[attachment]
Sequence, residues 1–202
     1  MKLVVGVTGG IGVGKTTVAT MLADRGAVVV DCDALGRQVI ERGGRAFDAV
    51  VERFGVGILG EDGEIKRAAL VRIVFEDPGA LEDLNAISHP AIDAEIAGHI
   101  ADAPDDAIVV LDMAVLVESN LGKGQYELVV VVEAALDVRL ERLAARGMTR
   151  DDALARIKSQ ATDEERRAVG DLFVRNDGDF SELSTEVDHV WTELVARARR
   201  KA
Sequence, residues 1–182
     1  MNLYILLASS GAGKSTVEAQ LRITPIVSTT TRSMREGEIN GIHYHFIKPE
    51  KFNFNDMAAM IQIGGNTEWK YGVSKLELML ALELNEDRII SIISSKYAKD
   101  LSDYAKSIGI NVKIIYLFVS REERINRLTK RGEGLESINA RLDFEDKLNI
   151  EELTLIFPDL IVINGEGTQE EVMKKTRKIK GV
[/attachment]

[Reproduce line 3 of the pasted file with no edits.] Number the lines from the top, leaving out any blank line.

    51  VERFGVGILG EDGEIKRAAL VRIVFEDPGA LEDLNAISHP AIDAEIAGHI